By Neil Leverett

  • England humble defending champion All Blacks with 19-7 win for the ages to reach Rugby World Cup final
  • Wales’ fortune runs short as South Africa edge Warren Gatland’s men to set up 2007 finale rematch
  • Defeats signal further two managerial exits, after Joe Schmidt and Michael Cheika walked off into sunset last weekend
YOKOHAMA, JAPAN – After England and South Africa booked a 2007 finale rematch this weekend, what did we learn from the 2019 Rugby World Cup semi-finals in Yokohama?

 

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The Rose blooms…

Such was the impressive nature of England’s defeat of New Zealand – a side many thought of as now simply unbeatable under the Rugby World Cup umbrella – it is hard to gauge the gravity of The Rose’s win and blossom from potential Webb Ellis trophy recipients to now favourite to win a second World Cup at the Yokohama International Stadium this weekend.

As Eddie Jones‘ men have flourished in Japan, the four-year arc the Australian Head Coach had pinned down has been timed to near perfection, and on Saturday, both he and England could again climb the summit of world rugby.

During a performance for the ages England will regard as perhaps their finest day in the tournament’s history – aside from 2003’s heroics in Sydney – A laboring Owen Farrell nevertheless led his charges formidably, from the opening wry retort at the Haka, to bleeding for his side whilst clearly nursing a slight knock.

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From the moment Manu Tuilagi went over for a rampaging English pack, Jones would have watched as his side dominate the two-time reigning champions, who arguably made just the one mistake for the duration in Jamie George‘s errant line-out for Ardie Savea‘s try.

With the reliable boot of George Ford carrying England to a safe points distance also, the swashbuckling Maro Itoje had once again won the plaudits, for a sheer bloody-minded showing the 03′ winning squad would have doffed their caps to.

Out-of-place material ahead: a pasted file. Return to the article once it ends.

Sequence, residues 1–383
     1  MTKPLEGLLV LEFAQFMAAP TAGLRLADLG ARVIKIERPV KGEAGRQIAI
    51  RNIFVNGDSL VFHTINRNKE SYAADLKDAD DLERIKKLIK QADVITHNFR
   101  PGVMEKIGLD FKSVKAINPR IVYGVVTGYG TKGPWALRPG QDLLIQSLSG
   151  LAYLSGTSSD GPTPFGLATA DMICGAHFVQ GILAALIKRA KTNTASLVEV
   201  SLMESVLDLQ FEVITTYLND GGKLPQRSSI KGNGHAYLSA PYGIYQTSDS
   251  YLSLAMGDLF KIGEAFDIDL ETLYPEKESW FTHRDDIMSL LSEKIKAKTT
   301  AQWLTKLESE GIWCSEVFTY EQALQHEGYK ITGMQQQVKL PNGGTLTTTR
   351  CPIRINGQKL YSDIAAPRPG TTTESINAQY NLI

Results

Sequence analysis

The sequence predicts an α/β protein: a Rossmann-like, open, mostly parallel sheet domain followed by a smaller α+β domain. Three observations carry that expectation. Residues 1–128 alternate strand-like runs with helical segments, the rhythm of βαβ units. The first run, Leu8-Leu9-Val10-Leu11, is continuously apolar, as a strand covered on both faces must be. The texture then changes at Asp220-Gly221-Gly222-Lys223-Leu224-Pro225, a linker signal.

Having come of age during the Japanese odyssey, just one step remains for England and with a rematch of the 2007 final in Paris with South Africa just days away, the Rose’s 12-year journey from fallen champions could come full circle in glorious fashion.

 

…the flame goes out

As one corner of the British Isles were jubilant, the Welsh flame was extinguished after a war of attrition in Yokohama, with Handre Pollard‘s penalty kick five minutes from time the decisive moment in a narrow 19-16 win.

Having rode of a wave of good fortune since their entry into the knockout stages, the favours of the outgoing Warren Gatland seemed to wane, with an in-disciplined Welsh unit failing to get to grips – literally – with the South Africans.

Despite clinging onto the coat-tails of Rassie Erasmus‘ side after being dominated at the breakdown and a rash of subsequent penalties from the boot of Pollard and then the contest’s first score of the game via Damian De Allende, Wales’ wide threat remained and when Josh Adams scored with 15 minutes to play, Welsh hopes were re-ignited.

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With Dan Biggar having been taken off due after another head-related stoppage, the script seemed written for Leigh Halfpenny‘s ultimate redemption. With the scores locked at 16-16, drop goals became the chief threat for the respective teams.

As Wales were forced further back however, referee Jerome Garces awarded a 76th-minute penalty to the Springboks and as Pollard made it five from five, South Africa played for time and book their place in a third World Cup final.